Saturday, May 8, 2021

Only Love can Transcend

Sixth Sunday of Easter: 09 May 2021

 Readings: Acts 10:25–26, 34–35, 44–48; Psalm 98:1–4; 1 John 4:7–10; John 15:9–17

(Photo courtesy: Jean-Marc Arakelian)

1. In love the mystery of salvation is revealed

For the last two weeks, we have been reading 5 chapters (10-15) from the Gospel of St John. The Evangelist is focusing his attention on the person of Jesus Christ. For him, Jesus is the true light whom we must follow; he is the good shepherd who gives us his pastures; he is the vine and we are the branches; he is our friend and will give his life for us; he is the life and the resurrection and we have to remain with him to rise again. “This is my commandment: love one another, as I have loved you.” These and many more beautiful sayings St John elucidates in the discourse of Jesus. 

Saturday, May 1, 2021

Jesus Christ, the Anchor of our Life

Fifth Sunday of Easter: 02 May 2021

Readings: Acts 9:26–31; Psalm 22:26–28, 30–32; 1 John 3:18–24; John 15:1–8 

(Christ the living vine: courtesy - creative commons)

To listen to my audio reflections,  please click here


This week has been, once again, a very tough week for us. We cannot remain aloof from what is happening to our brothers and sisters, family members, friends, collaborators and colleagues at the surge of Corona infection.  It is almost twenty-four hours of the day, our mind is preoccupied with the devastations Corona pandemic causing. The familiar names and faces are vanishing away from our sight. As we raise our prayers and petitions to God our Good Shepherd, we have the beautiful words from St John's Gospel: “A branch cannot bear fruit by itself; it can do so only if it remains in the vine” (Jn 15:4). We are nothing if we are not with the Lord. 

1. Interconnectivity leads to Salvation

We live in a world of interconnectivity. The Gospel gives us an image of being linked to the source of our life as Christians, about being connected almost organically with Jesus. "I am the vine and you are the branches... Remain in me as I remain in you" (Jn 15:5). This passage is part of the Farewell Discourse that Jesus gives at the Last Supper. As the separations loom on the horizon, the friendship that has grown up these years together on the back roads and trails of Judea, and in the villages of Galilee is about to be shaken, Jesus will no longer be physically tangible, visibly present. St John the Evangelist depicts Jesus as a very affectionate and sensitive person. His humanity becomes very visible in the way he deals with his disciples so lovingly, and so delicately, and so poignantly, as St John paints this humanity of Jesus.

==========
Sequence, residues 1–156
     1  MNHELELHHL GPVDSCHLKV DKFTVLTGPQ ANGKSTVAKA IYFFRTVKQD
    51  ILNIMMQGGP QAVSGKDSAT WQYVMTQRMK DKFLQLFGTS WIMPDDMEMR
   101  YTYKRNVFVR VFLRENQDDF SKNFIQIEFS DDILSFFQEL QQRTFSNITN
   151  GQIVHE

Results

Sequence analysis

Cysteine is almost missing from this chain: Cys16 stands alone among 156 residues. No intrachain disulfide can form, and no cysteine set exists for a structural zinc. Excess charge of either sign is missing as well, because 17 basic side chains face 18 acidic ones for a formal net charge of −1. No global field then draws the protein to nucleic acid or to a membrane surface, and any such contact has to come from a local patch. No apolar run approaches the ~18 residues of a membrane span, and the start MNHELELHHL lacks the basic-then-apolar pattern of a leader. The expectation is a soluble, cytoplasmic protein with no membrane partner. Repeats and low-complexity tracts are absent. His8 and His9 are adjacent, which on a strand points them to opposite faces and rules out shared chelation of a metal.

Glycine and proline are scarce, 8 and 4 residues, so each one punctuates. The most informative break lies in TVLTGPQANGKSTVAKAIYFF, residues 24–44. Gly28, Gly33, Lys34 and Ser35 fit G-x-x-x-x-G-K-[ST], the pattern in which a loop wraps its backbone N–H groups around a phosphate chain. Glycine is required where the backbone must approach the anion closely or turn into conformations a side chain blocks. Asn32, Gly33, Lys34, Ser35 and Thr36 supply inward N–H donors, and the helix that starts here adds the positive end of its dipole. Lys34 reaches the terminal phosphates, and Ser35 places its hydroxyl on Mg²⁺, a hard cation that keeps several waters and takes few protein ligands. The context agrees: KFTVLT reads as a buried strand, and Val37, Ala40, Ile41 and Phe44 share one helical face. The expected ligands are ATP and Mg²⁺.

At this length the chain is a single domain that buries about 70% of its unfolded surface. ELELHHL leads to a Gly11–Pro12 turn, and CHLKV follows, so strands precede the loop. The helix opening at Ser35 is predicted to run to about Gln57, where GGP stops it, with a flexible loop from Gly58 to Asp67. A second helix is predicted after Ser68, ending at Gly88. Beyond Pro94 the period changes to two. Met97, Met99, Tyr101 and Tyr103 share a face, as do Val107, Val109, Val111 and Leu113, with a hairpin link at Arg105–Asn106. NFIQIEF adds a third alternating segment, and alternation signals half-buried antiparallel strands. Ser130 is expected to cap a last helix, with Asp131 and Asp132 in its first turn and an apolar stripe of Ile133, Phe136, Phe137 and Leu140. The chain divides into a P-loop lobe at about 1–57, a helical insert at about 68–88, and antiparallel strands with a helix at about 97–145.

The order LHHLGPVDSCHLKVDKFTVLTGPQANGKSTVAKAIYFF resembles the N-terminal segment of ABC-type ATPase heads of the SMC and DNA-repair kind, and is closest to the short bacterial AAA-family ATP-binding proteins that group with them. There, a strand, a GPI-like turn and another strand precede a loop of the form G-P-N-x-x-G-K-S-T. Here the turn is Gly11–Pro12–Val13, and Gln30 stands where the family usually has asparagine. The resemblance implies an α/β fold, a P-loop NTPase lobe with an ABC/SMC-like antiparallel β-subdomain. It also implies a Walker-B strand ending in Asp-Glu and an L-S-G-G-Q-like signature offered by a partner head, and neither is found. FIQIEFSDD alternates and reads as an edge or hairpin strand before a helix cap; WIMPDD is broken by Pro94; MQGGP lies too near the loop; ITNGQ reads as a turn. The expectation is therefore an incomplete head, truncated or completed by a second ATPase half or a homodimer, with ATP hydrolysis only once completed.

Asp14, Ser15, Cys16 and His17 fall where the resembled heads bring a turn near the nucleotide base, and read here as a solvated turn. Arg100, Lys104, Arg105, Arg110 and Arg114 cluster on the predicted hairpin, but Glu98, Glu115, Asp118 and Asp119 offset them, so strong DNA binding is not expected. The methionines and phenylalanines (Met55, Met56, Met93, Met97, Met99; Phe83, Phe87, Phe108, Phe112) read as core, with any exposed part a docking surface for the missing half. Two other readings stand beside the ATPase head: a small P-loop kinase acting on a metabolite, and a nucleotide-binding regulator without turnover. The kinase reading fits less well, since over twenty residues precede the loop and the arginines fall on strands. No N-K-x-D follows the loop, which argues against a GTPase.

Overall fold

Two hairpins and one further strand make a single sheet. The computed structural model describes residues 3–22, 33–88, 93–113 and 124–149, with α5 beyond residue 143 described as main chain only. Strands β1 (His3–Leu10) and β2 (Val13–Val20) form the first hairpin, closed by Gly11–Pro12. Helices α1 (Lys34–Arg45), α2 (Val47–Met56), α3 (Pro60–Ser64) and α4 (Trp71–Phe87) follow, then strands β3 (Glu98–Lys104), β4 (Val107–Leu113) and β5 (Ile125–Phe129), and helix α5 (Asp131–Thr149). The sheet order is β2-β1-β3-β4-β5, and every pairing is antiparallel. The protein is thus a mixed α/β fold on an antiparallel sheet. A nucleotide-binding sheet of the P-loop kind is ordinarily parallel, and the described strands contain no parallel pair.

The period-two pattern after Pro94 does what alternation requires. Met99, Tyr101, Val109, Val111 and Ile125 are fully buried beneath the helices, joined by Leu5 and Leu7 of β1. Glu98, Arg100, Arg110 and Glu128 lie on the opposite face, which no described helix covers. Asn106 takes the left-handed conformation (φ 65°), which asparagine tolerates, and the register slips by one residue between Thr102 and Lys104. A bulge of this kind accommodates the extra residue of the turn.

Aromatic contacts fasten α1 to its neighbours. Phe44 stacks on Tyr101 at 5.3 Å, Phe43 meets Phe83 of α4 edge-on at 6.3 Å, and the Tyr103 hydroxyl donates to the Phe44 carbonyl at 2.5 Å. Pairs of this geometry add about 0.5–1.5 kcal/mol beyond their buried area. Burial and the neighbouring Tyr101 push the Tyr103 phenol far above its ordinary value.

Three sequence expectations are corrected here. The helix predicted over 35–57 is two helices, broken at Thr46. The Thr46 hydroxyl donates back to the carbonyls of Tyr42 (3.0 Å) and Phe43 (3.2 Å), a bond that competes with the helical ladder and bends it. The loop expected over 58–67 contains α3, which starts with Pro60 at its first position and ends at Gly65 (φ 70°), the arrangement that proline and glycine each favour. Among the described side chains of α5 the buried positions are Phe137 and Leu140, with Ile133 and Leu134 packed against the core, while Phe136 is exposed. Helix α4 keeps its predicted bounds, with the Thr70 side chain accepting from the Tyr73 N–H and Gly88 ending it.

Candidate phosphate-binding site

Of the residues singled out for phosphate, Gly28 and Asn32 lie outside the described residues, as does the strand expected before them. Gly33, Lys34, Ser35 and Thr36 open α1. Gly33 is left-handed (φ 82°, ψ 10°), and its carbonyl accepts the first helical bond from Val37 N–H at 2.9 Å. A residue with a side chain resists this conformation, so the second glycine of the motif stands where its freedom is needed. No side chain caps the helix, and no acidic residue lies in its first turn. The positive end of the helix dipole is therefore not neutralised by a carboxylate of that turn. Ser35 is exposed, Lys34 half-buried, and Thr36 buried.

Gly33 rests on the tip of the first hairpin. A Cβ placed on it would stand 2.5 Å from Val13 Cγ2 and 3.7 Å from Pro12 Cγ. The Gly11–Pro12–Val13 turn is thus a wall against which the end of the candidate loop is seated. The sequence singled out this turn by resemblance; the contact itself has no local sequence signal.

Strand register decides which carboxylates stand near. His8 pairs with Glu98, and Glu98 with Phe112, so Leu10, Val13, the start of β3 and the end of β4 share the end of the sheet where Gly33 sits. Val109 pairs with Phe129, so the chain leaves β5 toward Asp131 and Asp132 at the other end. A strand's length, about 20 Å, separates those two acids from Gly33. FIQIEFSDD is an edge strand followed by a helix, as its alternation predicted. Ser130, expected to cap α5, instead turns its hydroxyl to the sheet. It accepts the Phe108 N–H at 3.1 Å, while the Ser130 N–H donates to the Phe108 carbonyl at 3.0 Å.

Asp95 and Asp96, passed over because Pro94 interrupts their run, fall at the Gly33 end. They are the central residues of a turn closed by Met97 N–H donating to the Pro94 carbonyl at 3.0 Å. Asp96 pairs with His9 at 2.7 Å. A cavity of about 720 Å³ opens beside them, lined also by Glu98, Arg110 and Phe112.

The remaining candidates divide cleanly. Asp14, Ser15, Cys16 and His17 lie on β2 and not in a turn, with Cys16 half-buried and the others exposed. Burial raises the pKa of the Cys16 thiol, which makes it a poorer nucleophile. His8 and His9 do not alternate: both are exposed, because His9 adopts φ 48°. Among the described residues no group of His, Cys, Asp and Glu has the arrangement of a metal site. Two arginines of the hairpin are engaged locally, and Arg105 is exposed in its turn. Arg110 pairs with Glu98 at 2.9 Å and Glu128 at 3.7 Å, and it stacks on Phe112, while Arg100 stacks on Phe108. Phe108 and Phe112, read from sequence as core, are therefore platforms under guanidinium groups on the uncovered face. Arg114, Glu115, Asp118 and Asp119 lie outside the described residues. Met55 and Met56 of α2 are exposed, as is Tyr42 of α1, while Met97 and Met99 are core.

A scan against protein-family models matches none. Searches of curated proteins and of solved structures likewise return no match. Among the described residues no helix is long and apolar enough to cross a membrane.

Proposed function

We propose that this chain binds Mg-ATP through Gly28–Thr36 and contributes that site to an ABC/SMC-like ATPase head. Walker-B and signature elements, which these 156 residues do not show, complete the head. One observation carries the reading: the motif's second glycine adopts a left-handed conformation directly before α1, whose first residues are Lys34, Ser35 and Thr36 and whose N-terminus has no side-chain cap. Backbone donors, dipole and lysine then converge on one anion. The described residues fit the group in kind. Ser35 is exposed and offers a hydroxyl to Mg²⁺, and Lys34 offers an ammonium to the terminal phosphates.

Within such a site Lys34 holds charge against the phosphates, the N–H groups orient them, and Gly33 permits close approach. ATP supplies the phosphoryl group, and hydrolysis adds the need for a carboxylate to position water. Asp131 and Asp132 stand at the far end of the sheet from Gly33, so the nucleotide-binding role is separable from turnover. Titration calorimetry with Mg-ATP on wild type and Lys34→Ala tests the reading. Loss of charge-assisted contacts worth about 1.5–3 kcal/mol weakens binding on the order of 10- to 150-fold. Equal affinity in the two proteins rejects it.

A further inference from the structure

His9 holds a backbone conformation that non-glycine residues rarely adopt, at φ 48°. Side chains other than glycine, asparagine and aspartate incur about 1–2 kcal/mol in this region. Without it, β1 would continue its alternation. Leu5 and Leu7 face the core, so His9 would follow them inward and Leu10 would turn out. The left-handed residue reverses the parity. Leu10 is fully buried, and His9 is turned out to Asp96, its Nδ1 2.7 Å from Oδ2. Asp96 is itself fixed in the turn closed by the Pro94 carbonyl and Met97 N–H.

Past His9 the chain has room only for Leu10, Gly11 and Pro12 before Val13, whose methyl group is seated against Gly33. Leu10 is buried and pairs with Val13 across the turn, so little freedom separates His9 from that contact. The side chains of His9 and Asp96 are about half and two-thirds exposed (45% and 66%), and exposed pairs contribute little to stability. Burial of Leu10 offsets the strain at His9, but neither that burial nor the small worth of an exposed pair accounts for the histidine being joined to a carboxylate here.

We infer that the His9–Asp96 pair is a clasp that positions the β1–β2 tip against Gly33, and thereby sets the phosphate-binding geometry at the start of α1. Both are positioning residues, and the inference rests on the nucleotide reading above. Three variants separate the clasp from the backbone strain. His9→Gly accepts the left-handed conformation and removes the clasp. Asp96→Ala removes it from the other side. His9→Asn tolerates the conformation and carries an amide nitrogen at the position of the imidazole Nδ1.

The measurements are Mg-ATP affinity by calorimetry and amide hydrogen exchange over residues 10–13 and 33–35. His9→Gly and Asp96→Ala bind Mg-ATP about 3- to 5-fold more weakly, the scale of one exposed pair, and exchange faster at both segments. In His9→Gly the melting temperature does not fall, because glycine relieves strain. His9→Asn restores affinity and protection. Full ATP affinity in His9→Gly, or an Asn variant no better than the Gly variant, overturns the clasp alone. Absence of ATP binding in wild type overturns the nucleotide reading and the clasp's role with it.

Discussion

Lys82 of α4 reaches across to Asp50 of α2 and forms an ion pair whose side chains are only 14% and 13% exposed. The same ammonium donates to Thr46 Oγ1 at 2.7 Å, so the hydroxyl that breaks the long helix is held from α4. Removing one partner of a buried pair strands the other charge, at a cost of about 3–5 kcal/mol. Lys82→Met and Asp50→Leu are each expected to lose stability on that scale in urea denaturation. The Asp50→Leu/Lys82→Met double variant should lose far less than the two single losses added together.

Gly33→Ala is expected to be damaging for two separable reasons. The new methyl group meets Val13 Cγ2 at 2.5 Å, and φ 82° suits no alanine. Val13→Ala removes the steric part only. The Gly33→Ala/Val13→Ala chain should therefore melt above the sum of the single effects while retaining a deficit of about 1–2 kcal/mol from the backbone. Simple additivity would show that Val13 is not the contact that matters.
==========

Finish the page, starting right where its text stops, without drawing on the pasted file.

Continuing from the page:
Saturday, April 24, 2021

Being Shepherd by the Lord

Fourth Sunday of Easter: 25 April 2021

Readings: Acts 4:8-12; Psalm 118:1, 8-9, 21-23, 26, 28, 29; 1 John 3:1-2; John 10:11-18

(The Good Shepherd, fresco, 3rd or 4th century, catacomb of Priscilla, Rome, Italy.)

To listen to my audio reflections,  please click here

This week has been quite tough for us. Our province buried two Jesuits in a gap of three days. One returned to the Lord due to Covid and the other young Jesuit due to Cancer. On the one hand, as India is experiencing an unprecedented surge in Covid infections, Bangalore city's health infrastructure is unable to cope up with the situation. People are running from one hospital to another to find beds and oxygen. On the other hand, the political leaders are busy hurling at each other such mean accusations and low talk in the election rallies telling lies one after the other. Moreover, they are conducting election campaigns flouting rules and regulations which they themselves have set and thus increasing the Covid infections. 

We are a country where our little achievements or failures are glorified to such an extent, efficiency and efficacy are not the standards that we value. We are a nation where we don't learn from history or past mistakes. Unfortunately, this is applied not just to politics, economics, scientific spectrum but also to our ecclesial or religious structures.  We cannot be numb to the reality that we are facing today when we read the scriptures especially the liturgical readings that we have on this Sunday on the Good Shepherd and Salvation. Paul Tillich, the well-known German theologian writes that we cannot be stopped from asking ultimate questions. In other words, they are questions about our life, our existence, like where do we come from and where do we go? What is the finality of our being here on earth, etc? These are very important questions that must shake us up. 

1. Shepherding to reach Salvation

The Christian principles teach us that the ultimate goal of our life here on earth is finding our salvation. The end for which we are created, in the words of St Ignatius of Loyola is "to praise, reverence, and serve God, and by doing this, to save our souls" (Sp. Ex 23). Therefore every activity of ours should have an end or finality. The finality is to attain eternal communion with God. The beautiful narration that we have in John's gospel on Good Shepherd after the heart of God must encourage us to believe that Jesus is our true shepherd. He came to take us back to God. He showed us a way to the Father. He is the eternity and the end. In him, we find our true freedom and happiness. His way of going about is that of the Father in heaven. There is nothing that can stop us from reaching that God of eternity as long as we keep our faith in Him.